Month: January 2015

It’s a Relationship Business: Sebastian Twardosz

sebastion twardoszLast month I went to what I thought was going to be an hour and a half long lecture on how to sell your screenplay in Hollywood taught by Sebastian Twardosz, which turned out to be a four hour long workshop on the ins and outs of the entire Hollywood film industry. Saying it was an overwhelming amount of information would be the understatement of the semester, but I’m so grateful that I chose to attend the class rather than Pepperdine’s annual tree lighting ceremony.

Sebastian Twardosz is a professor at USC who has been working with leading companies in the film and television industry for over twenty years. His short film, Silent Rain, won the student academy award in 1993, and he then went on to work on the first two Mission Impossible movies with Tom Cruise. More recently Twardosz co-produced an indie film called Small Town Saturday Night and he is also currently hosting a weekly show called The Insiders which aims to shed light on the “behind-the-scenes world of Hollywood” for aspiring filmmakers.

If you want all of my notes I would be glad to scan and send them to you, but for now all I’m going to write is some basic, but crucial information on screenwriting, producing, and a bit about the Hollywood film industry.


There are only two ways to become a writer. To write and to read. Read a script a week  and read scripts you haven’t watched.

Consider writing your screenplay as a play or a novel first. It’s a bit safer and can make you more money.

You have to have an agent. And if you live in LA there are probably only two degrees of separation between you and an agent at CAA or WME. Work it.

Studios read 100 a week and make 12 a year. A lot more scripts get bought but get lost. Hollywood buys a lot of books. So you can write a screenplay or a book—and there’s a lot to be said for this. If you write your own book you’re your own boss. No rules in books. Lots of rules in screenplays. Majority of movies are based on preexisting material. Writing screenplays are important because they’re closer to production and also about voice—screenplays are all about your voice as a writer. You can write really bizarre indie scripts and get plucked to do blockbuster films—Rian Johnson, who’s doing the next two Star Wars movies—did Looper and Brick. They just want to know that you can write—they’re not genre specific. What’s important is that you write in a good voice and have good structure.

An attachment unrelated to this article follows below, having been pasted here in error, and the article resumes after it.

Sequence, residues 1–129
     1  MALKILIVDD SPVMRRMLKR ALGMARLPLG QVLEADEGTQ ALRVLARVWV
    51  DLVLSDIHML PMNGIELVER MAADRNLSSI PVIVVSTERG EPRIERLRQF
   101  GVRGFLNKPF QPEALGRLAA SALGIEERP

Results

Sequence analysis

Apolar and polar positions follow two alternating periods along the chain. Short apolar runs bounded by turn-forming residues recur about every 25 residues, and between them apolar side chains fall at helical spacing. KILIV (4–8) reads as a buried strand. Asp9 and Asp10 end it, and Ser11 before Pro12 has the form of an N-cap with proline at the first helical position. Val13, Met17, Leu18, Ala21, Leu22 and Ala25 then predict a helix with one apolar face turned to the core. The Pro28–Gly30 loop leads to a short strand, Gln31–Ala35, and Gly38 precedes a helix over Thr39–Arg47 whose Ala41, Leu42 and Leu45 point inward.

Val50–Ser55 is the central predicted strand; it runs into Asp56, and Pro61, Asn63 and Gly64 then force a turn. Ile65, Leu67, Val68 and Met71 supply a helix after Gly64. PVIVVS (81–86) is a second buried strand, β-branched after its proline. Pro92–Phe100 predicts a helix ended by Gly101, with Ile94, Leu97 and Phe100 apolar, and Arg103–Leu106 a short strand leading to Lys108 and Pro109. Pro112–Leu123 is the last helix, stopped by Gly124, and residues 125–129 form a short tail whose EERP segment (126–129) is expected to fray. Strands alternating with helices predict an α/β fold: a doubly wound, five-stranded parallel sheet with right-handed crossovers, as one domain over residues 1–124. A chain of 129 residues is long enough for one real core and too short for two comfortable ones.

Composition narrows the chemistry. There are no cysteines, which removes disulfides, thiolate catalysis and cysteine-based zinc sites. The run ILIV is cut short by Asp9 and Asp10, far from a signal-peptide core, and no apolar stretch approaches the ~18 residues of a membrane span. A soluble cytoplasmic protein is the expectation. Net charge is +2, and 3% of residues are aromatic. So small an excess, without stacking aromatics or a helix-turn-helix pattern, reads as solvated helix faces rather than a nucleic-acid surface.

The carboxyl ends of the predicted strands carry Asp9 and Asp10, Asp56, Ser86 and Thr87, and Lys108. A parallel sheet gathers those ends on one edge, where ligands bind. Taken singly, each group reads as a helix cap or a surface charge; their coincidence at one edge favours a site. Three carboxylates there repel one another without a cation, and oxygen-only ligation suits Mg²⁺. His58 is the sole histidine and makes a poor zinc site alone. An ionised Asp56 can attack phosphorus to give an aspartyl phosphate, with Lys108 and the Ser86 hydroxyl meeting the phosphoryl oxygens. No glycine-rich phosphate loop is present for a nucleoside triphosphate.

Producer Skill Sets:

  • Creative—good notes on scripts etc; came up the ranks at studios
  • Packaging—get directors and actors and attach them to a project; former agents
  • Finance/Money (who knows where they got their money)
  • Nuts and Bolts/Line Producer/UPM—physically know how to actually produce a movie-know what a C Stand is.
  • Power—actors and directors (whoever becomes famous)


Ideally you have two or three.

Who’s the least important?

Nuts and Bolts.


You can hire people to make a movie, but all the other things you can’t hire.

Far more important that you have access to a good script or book or a good relationship with an actor.

The Industry: High School with Money

Be nice to all assistants because they’re the next VP of Paramount.

Hollywood’s the last vocational town. No one cares about your degree in these companies. Having an MFA tells people that you care and are passionate about what you’re doing. An MFA degree isn’t gonna get you a job but it’s building the personal relationships that counts.

Speaking of personal relationships here’s Sebastian’s spiel:

Some of you will be successful and some of you will be less successful—it’s a numbers game, but regardless of the stats, you will likely fail if you don’t help each other. (I’m not sure I agree about it being a numbers game–I think there’s room for everyone at the top if they have the right skill sets and pursue knowing the right people but…I’m not the expert and I’m bound to be optimistic.)

It is all a relationship business and what goes around comes around.

Here’s an example: One of the biggest management companies was started by a USC student who just said, “okay I’m gonna represent everyone in this room.”

“Try never to burn a bridge.” Know about their kids, go see their plays.